Traveling Luck for Gambia. Gambia, Africa
The Gambia is located in Western Africa, bordering the North Atlantic Ocean and Senegal.
Land in The Gambia is flood plain of the Gambia River flanked by some low hills.
Gambian land covers an area of 11300 square kilometers which is slightly less than twice the size of Delaware
Gambia has borders with Senegal for 740km.
Gambian national flag (Flag of Gambia)
As for the Gambian climate; tropical; hot, rainy season (June to November); cooler, dry season (November to May).
Gambian(s) speak English (official), Mandinka, Wolof, Fula, other indigenous vernaculars.
Places of note in Gambia
Regions of Gambia
The Gambia gained its independence from the UK in 1965; it formed a short-lived federation of Senegambia with Senegal between 1982 and 1989. In 1991 the two nations signed a friendship and cooperation treaty. A military coup in 1994 overthrew the president and banned political activity, but a 1996 constitution and presidential elections, followed by parliamentary balloting in 1997, completed a nominal return to civilian rule. The country undertook another round of presidential and legislative elections in late 2001 and early 2002. Yahya A. J. J. JAMMEH, the leader of the coup, has been elected president in all subsequent elections.
The Gambia has no significant mineral or natural resource deposits and has a limited agricultural base. About 75% of the population depends on crops and livestock for its livelihood. Small-scale manufacturing activity features the processing of peanuts, fish, and hides. Reexport trade normally constitutes a major segment of economic activity, but a 1999 government-imposed preshipment inspection plan, and instability of the Gambian dalasi (currency) have drawn some of the reexport trade away from The Gambia. The government's 1998 seizure of the private peanut firm Alimenta eliminated the largest purchaser of Gambian groundnuts. Despite an announced program to begin privatizing key parastatals, no plans have been made public that would indicate that the government intends to follow through on its promises. Unemployment and underemployment rates remain extremely high; short-run economic progress depends on sustained bilateral and multilateral aid, on responsible government economic management, on continued technical assistance from the IMF and bilateral donors, and on expected growth in the construction sector.
Gambian natural resources include fish, titanium (rutile and ilmenite), tin, zircon, silica sand, clay, petroleum
almost an enclave of Senegal; smallest country on the continent of Africa
Gambian religion is Muslim 90%, Christian 9%, indigenous beliefs 1%.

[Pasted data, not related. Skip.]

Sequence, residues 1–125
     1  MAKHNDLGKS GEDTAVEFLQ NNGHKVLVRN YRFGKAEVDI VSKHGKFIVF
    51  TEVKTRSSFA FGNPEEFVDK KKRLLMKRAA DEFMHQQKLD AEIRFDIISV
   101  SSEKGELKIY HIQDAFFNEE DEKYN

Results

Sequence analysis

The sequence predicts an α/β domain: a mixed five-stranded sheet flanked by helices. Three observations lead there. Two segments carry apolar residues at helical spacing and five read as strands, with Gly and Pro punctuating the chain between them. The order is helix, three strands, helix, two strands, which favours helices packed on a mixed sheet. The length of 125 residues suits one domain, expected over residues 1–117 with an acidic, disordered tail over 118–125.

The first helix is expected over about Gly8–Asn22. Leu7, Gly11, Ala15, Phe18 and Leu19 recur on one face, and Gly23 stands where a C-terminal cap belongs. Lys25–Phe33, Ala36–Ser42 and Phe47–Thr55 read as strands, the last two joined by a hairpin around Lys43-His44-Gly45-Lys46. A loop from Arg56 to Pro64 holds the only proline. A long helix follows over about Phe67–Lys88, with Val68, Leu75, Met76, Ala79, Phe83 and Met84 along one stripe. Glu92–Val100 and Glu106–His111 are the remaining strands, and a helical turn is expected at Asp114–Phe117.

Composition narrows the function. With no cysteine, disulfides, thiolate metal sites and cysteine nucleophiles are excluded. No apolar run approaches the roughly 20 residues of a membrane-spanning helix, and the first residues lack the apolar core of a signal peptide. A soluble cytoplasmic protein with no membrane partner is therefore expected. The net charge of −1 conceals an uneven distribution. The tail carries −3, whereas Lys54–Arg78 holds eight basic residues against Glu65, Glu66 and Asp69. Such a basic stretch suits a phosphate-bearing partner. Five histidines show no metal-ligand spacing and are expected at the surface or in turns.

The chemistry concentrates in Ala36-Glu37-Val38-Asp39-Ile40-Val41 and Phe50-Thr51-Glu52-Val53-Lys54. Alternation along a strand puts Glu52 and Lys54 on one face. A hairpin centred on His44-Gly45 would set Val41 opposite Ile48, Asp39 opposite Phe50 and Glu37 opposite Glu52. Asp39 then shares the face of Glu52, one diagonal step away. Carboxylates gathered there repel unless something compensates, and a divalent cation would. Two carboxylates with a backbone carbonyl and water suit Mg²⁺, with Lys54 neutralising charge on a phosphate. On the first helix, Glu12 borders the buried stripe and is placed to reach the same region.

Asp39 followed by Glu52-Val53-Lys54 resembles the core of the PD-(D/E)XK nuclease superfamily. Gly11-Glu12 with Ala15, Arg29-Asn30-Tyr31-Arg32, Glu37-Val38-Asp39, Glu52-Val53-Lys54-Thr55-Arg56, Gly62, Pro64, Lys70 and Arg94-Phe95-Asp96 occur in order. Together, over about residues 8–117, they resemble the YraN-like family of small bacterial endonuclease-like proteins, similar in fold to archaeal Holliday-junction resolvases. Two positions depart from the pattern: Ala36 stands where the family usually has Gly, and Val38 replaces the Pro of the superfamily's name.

Natural hazards in The Gambia include drought (rainfall has dropped by 30% in the last 30 years).
Travel Advice for GambiaGambia, The
- You should not travel by road from The Gambia to Casamance in southern Senegal because of an increase in fighting between rebel factions involving the Senegalese armed forces.
- Care should be taken when driving or walking on roads, particularly at night, due to unpredictable driving standards and lack of street lighting.
- Malaria is prevalent in The Gambia. You should seek medical advice about taking anti-malarial medication before, during and after your visit. In addition, you should take precautions to avoid being bitten by mosquitoes. Please see the Health Section of this travel advice for more details.
- The threat from terrorism is low, but you should be aware of the global risk of indiscriminate terrorist attacks, which could be against civilian targets, including places frequented by foreigners.
- Around 50,000 British nationals visit The Gambia each year. Most visits are trouble-free. The main types of incident for which British nationals require consular assistance in The Gambia are for replacing lost and stolen passports and financial assistance. Crime against tourists is increasing and you should take sensible precautions and remain vigilant in public places.
- We strongly recommend that you obtain comprehensive medical and travel insurance before travelling. You should check any exclusions, and that your policy covers you for the activities you want to undertake. Please see: Travel Insurance.
SAFETY AND SECURITY
The Gambia Country Profile.
National Assembly elections took place on 25 January 2007 and passed off peacefully.
You are advised to avoid political gatherings and demonstrations.
You should not stay or travel in the Casamance region west of Kolda. This includes travel by road into the region from The Gambia. For further details please see the travel advice for Senegal.
You can drive on a UK driving licence for up to three months.
The EU has published a list of air carriers that are subject to an operating ban or restrictions within the community. You should check the following link to see whether this will affect your travel: http://europa.eu.int/comm/transport/air/safety/flywell_en.htm
LOCAL LAWS AND CUSTOMS
The Gambian authorities will take strong action against anyone importing, exporting or found in possession of drugs or contraband. You should not accept packages on behalf of anyone without knowing the contents.
You are advised to bring traveller’s cheques or cash to The Gambia because only a few places accept credit cards. Bureaux de Change and local banks do not.